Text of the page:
Time and modality

Time and modality. Ed. by Jacqueline Guéron and Jacqueline Lecarme. (Studies in natural language and linguistic theory 75.) New York: Springer, 2008. Pp. xvi, 296. ISBN 97814020-83532. $219 (Hb).

Reviewed by Ana Bravo, Granada University

Time and modality consists of eleven articles as well as an introduction and author and subject indices. This work, a follow-up to Jacqueline Guéron and Jacqueline Lecarme’s co-edited volume The syntax of time (Cambridge, MA: MIT Press, 2004), gathers together the contributions presented at the International Round Table on Tense, Mood, and Modality in Paris, France in 2005. Specifically, the book covers topics on the grammatical relations between tense and modality.

Researchers can find an analysis of the differences between epistemic and root readings of  modal verbs along the lines of the minimalist program in Karen Zagona’s ‘Phasing in modals: Phases and the epistemic/root distinction’ (273–91). ‘On the temporal syntax of non-root modals’ (79–113), by Hamida Demirdache and Myriam Uribe-Etxebarria, offers a syntactic implementation of the different meanings (epistemic vs. metaphysical) that non-root English and Spanish modal verbs render when inflected with past morphology. Overall, the role of temporal information in modal verbs is addressed in Jacqueline Guéron’s ‘On the temporal function of modal verbs’ (143–71). She argues that the semantic contribution of a modal verb is not to introduce sets of possible worlds but rather (much as causative verbs do) to bridge the gap between the (hypothetical) spatial configuration denoted by the vP and the ongoing deictic world. This is accomplished through the temporal and aspectual content of the modal verb. In Bridget Copley’s ‘Temporal orientation in conditionals (or, how I learned to stop worrying and love UFO’s)’ (59–77), temporal information in conditional sentences is not causal but derives from the sort of modal flavor that each of these constituents expresses. For example, present orientation depends on epistemic modality, while future orientation depends on metaphysical modality.

The nature of the relation between modality, the speaker, and the subject of the sentence is examined with great detail in Gueron’s and Zagona’s contributions, where it receives a syntactic characterization. Apart from that, it follows that modal verbs do not differ in syntactic category, although epistemic and deontic readings may stem from other sources.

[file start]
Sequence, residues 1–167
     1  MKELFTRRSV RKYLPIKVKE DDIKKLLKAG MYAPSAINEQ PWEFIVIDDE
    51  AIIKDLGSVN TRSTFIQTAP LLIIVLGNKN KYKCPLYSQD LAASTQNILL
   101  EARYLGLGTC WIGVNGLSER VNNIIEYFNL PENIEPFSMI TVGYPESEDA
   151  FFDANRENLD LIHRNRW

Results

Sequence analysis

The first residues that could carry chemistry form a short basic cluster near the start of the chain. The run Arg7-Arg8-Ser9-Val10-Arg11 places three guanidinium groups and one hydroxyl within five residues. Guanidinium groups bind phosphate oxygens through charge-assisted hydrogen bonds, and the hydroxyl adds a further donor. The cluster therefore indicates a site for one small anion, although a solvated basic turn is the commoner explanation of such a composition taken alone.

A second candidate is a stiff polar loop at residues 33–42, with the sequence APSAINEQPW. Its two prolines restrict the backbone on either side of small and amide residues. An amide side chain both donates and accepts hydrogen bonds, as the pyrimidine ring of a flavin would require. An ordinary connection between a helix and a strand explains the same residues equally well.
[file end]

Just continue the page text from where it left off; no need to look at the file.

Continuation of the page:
Kai von Fintel and Sabine Iatridou, in ‘How to say ought in foreign: The composition of weak necessity modals’ (115–41), deal with the surprising fact that the meaning of the English weak necessity modal ought (as in You {ought /#have/#must} to do the dishes, but you don´t have to) is expressed crosslinguistically by a strong necessity modal augmented with counterfactual morphology, as evidenced in a number of languages (data provided by native speakers): Greek, French, Spanish, Russian, Croatian, Dutch, Icelandic, and Hungarian. Jacqueline Lecarme’s ‘Tense and modality in nominals’ (195–225) shows that past morphology in the nominal domain in Somali conveys temporal meanings as well as modal and evidential notions. A unified account of this property is achieved by considering that, in general, it is exclusion or dissociation that past morphology expresses.

Tim Stowell describes in ‘The English Konjunktiv II’ (251–71) what he calls the English Konjunktiv II construction (K2) (e.g. had’ve gone or had of gone). The K2 is a past perfect subjunctive that carries a strong counterfactual meaning and is restricted to informal register. Topics regarding the category of evidentiality are examined in ‘Intensional subjects and indirect contextual anchoring’ (39–57) by Ileana Comorovski. In this article, the author studies the contribution of modality (point of view predicates and conditional mood) to the syntax and semantics of specificational copular clauses in Romanian.

Intensionality, understood in the context of genericity, is treated in Greg Carlson’s ‘Patterns in the semantics of generic sentences’ (17–37) and it is explained, along with other properties of generic sentences, through the notion of pattern.

An analysis of the contribution of aspect to temporal interpretation is presented in ‘Time with and without tense’ (227–49) by Carlota S. Smith, which is devoted to the study of the tenseless languages Mandarin Chinese and Navajo. Finally, in ‘The English perfect and the metaphysics of events’ (173–93), James Higginbotham offers a new approach  to the general thesis that the English perfect  is purely an aspectual predicate. The author also considers metaphysical questions concerning the nature of events and situations, including the issue of event positions, which are said to be extended to manner adverbs and quantifiers.